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Photo#250716
Ants - leafcutter? - Monomorium pharaonis

Ants - leafcutter? - Monomorium pharaonis
Fort Worth, Tarrant County, Texas, USA
January 24, 2009
Size: <1/8"
These were seen in the Conservatory (very large greenhouse) at Botanic Garden Ft.Worth in tropical conditions

Images of this individual: tag all
Ants - leafcutter? - Monomorium pharaonis Ants - leafcutter? - Monomorium pharaonis

Moved
Moved from Monomorium.

Moved

Thanks for your help everybod
Thanks for your help everybody

ID
Maybe Solenopsis sp?

 
HI Andy. I was thinking Sol
HI Andy.
I was thinking Solenopsis at first but the head does not look shiny enough to be a Solenopsis. The bottom ant appears to have well defined epinotal spines, leading me towards these being a Temnothorax. A side shot would help tremendously.

 
I think these are Pharao's Ants (Monomorium pharaonis)
I can't see any propodeal spines, even on the bottom worker. But the slightly darkened hind part of the coxae III can easily be mistaken for such spines at a first glance.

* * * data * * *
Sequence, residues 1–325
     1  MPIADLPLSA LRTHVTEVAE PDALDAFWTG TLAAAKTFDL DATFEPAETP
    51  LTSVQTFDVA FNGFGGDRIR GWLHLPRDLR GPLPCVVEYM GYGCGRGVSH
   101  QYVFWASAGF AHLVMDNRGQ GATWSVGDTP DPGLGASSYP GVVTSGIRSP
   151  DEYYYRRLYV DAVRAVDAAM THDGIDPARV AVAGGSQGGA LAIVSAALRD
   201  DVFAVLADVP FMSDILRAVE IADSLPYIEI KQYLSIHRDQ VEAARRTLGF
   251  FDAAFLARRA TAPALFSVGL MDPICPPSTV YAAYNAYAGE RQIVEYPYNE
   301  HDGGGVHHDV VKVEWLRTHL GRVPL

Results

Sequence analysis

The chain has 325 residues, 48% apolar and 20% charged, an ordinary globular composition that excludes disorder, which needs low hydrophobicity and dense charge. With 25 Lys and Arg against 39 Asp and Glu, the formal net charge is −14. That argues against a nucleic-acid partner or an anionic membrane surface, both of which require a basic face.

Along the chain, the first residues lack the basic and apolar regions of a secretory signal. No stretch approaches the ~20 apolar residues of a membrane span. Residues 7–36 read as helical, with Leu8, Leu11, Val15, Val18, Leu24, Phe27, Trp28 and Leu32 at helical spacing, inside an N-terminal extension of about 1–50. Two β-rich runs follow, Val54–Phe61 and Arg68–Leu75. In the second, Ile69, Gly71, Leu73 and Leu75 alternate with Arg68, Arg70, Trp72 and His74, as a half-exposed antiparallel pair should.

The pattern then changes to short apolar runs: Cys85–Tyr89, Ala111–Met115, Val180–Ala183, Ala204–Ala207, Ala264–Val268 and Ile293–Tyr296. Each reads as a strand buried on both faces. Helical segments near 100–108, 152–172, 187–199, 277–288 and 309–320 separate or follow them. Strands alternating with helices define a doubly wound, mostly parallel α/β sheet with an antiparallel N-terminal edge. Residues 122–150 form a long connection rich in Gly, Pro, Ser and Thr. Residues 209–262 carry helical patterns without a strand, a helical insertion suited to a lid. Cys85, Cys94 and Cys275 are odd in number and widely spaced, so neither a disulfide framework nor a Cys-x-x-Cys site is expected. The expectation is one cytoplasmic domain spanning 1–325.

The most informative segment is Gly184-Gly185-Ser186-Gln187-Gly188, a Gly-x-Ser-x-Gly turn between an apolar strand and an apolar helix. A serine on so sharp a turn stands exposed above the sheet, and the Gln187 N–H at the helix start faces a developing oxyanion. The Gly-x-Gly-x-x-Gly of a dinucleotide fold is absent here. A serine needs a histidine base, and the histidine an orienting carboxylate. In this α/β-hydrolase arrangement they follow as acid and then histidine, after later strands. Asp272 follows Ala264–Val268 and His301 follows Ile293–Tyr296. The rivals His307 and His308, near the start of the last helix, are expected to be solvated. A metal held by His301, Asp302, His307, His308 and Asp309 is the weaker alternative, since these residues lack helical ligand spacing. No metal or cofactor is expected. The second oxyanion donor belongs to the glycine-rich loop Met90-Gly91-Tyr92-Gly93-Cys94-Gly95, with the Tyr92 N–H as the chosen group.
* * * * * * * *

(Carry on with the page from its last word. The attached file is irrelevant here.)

Overall color is a bit dark for "standard" Pharao's ants, so it could be another species of Monomorium, a quite large genus as you know. But M. pharaonis is the most widespread in many tropical greenhouses worldwide.
Ironically, when I was a child, I mistook the various yellow or tan Temnothorax species for Pharao's ants, leading me to think this species was in fact quite widespread outside in my region!

 
Richard I believe you are rig
Richard I believe you are right, the dull head thru me for a minute as well as what appeared to be the spine, my mistake. This is a group of ants that I have not had a lot of exposure to as they are not common in California and I missed the fact that these had been taken in a greenhouse.

 
Placement
I created a forum discussion to decide on placement. I don't know their status in Texas or the US as a whole. What confuses me is if I went to a Butterfly Exhibit in Philadelphia and they had Florida species on display would my images go in the guide? Maybe yes, but without collection data so it doesn't show on the map. But if these ants are found in the wild in Texas then they could have even come from the outside?

 
Images
moved to Accidental Adventives. I wasn't sure if this should go in the guide or here? They are listed for the US, but it also sounds like they may also be transported in greenhouse plants. This seemed safest until a decision on proper placement is made.

 
A safe decision indeed...
Provided they are not (too early) discarded from there.
Because these two pics not only show an ant species new for BG, but are among the best quality pics of these small ants on the Web as a whole.

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